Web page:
Regions / Latin America & Caribbean
Shaping new international rules for labor rights, environmental protection, gender equity, minority rights, sustainable development, and other social goals is a formidable political challenge in view of the forces promoting profit-above-all trade and investment policies.
Since the mid-1980s, there has been a dramatic increase in the magnitude of international flows of portfolio investment (PI), especially from countries in the North to emerging market economies across the South.
The 20-year-old U.S. moratorium on sales of advanced military equipment to Latin America was successful in preventing a high-tech arms race in the region.
Although violence is often blamed on the drug trade, the roots of violence run much deeper. A multiplicity of actors create a veritable kaleidoscope of violence.
The foundation of Peruvian democracy was crumbling when political neophyte Alberto Fujimori, a former university professor of Japanese descent, was elected president in 1990.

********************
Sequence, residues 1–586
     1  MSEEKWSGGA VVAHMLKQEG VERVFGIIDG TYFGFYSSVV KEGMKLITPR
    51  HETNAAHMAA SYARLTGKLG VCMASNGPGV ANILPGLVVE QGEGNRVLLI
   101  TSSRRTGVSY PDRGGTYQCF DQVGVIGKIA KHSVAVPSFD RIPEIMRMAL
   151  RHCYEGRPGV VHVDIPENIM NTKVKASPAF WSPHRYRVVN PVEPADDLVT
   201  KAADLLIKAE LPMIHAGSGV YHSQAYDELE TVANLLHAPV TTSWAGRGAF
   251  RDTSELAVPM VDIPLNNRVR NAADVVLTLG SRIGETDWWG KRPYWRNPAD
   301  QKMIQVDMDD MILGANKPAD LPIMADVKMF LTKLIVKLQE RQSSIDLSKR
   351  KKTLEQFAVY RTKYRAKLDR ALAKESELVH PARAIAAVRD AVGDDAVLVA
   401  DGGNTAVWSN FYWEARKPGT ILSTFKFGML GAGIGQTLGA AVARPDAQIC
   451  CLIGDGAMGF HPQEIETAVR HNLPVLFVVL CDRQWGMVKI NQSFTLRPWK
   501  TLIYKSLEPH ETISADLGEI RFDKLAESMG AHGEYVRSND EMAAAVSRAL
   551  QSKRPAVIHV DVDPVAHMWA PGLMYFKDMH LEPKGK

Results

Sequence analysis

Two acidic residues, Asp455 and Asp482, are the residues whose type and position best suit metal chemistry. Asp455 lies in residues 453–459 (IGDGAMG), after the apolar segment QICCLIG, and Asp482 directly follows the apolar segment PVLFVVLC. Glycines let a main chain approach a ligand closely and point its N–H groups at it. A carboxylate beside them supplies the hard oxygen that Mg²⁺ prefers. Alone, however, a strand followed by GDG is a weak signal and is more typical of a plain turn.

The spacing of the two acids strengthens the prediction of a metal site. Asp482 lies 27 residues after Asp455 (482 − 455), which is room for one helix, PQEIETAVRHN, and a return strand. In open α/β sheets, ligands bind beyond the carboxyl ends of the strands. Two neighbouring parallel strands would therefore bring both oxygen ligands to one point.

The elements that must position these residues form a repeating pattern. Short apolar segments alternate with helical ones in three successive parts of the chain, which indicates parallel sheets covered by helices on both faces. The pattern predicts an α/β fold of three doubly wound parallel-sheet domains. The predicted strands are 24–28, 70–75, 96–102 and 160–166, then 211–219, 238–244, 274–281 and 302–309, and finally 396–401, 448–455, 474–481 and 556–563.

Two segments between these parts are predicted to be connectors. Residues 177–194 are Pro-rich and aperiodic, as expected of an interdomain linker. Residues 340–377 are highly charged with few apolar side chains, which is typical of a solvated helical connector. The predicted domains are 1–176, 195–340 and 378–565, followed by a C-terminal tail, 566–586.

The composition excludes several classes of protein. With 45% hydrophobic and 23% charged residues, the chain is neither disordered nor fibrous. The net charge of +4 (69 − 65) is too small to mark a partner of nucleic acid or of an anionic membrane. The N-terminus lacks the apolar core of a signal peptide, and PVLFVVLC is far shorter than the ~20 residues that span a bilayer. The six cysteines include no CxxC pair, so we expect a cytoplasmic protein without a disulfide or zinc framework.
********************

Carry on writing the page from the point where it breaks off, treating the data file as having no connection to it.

During the course of the cold war, U.S. policy toward Latin America was shaped by the steadfast belief that the region's militaries were our strongest and most dependable allies.
U.S.-Nicaraguan relations have been rocky ever since the end of the U.S.-sponsored war against the Sandinista government.
The U.S. trade embargo and various other sanctions against Cuba have been in place for some 36 yearsand U.S. policy toward the island has changed little in that time.
Two sometimes divergent, sometimes convergent streams of U.S. policy have played an influential role in defining the economic and political system of Haiti.
The North American Free Trade Agreement (NAFTA) sets guidelines for the elimination of most trade and investment barriers between Canada, the U.S., and Mexico over a 15-year period.